Trashing and Tribalism in the Gender Wars

In Noell Birondo (ed.), The Moral Psychology of Hate. Lanham and London: Rowman & Littlefield. pp. 207-233 (2022)
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In 1976, Jo Freeman wrote an article for Ms. Magazine, entitled ‘Trashing: The Dark Side of Sisterhood’. It provoked an outpouring of letters from women relating their own experiences of trashing during the course of the second wave feminist movement—more letters than Ms. had received about any previous article. Since then, the technology has improved but the climate among feminists has not; trashing is now conducted on social media platforms like Twitter and Facebook, in front of ever-larger audiences and with the magnified opportunities for destruction that these new platforms bring with them. Women already experience disproportionate harassment on social media; many feel trashing by other feminists to be much harder to accept. It’s one thing for people to hate feminists; resistance from those for whom a social justice movement represents a threat is par for the course. But it’s something else for feminists to hate each other. These are people with shared goals and a common enemy. What are the psychological mechanisms underlying this fact of life for feminist activists? Various explanations might be offered, from internalised misogyny, through volatility caused by histories of oppression, through envy and competitiveness, through ideological purity policing. Which are correct? Is the hatred that motivates trashing within feminism the same in quality and quantity, or different, from the affective dynamics inside other social movements? How does tribalism between warring feminist factions contribute to these dynamics, and to what extent is trashing underwritten by laudable moral goals (such as anti-elitism and anti-hierarchy) even when it goes too far or misfires? Can a liberation movement be successful without ideological purity policing, or is there a tension between achieving social justice outcomes and facilitating a healthy amount of disagreement and constructive criticism within a group? In this paper I’ll focus on potential explanations of the phenomena of trashing, including tribalism, power grabs, and purity policing; and the moral commitments that might lead feminists to trash each other.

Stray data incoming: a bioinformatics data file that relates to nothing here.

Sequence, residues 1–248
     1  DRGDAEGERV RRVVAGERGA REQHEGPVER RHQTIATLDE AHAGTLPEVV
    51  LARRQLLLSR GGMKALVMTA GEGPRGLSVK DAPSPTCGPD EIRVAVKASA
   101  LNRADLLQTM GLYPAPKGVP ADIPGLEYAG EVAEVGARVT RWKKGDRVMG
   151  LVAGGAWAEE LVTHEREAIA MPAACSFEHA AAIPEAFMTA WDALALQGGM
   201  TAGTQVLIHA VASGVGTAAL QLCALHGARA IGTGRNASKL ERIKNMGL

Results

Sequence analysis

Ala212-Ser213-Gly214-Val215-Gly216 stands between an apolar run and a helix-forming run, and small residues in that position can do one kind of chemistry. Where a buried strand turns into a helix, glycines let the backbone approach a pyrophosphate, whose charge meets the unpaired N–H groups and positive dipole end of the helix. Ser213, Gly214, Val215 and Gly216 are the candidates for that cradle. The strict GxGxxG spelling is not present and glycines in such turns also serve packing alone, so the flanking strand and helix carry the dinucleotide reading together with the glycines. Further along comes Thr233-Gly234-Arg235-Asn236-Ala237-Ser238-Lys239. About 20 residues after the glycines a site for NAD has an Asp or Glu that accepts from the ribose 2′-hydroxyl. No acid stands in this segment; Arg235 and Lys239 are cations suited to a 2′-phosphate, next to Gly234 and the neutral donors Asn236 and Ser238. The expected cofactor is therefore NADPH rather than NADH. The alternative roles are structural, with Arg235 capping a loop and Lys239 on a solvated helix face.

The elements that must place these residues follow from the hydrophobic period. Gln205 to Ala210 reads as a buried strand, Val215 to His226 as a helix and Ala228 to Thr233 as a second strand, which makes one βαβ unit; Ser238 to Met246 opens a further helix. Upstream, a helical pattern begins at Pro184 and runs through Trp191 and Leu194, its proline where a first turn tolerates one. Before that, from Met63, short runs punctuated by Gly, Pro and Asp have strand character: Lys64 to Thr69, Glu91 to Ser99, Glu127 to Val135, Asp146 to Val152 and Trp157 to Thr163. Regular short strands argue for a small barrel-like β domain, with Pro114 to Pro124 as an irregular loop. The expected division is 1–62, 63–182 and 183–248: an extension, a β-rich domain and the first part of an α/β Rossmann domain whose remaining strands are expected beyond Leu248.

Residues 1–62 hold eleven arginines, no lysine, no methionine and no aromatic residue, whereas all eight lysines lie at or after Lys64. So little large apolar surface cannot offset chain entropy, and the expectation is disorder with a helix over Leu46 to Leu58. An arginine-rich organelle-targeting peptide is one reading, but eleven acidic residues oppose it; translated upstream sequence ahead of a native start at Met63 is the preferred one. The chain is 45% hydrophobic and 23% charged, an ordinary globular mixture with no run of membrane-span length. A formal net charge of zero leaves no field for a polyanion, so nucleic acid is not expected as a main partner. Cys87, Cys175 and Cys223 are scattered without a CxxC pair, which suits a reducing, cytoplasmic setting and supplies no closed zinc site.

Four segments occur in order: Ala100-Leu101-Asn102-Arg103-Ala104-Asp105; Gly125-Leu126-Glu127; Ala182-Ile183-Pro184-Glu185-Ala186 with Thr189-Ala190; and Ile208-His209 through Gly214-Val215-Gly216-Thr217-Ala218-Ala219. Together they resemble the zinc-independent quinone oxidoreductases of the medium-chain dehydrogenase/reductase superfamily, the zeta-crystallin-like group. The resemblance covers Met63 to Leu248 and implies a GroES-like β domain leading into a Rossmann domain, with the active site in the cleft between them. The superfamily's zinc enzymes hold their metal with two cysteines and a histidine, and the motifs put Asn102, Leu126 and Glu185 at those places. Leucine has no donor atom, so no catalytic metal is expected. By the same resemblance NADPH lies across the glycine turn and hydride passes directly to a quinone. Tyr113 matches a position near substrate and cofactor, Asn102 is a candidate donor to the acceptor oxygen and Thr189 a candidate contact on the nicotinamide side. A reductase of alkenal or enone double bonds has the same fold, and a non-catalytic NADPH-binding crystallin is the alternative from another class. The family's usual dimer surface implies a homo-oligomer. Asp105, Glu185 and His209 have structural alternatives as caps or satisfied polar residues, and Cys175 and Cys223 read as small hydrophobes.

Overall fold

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Holly Lawford-Smith
University of Melbourne


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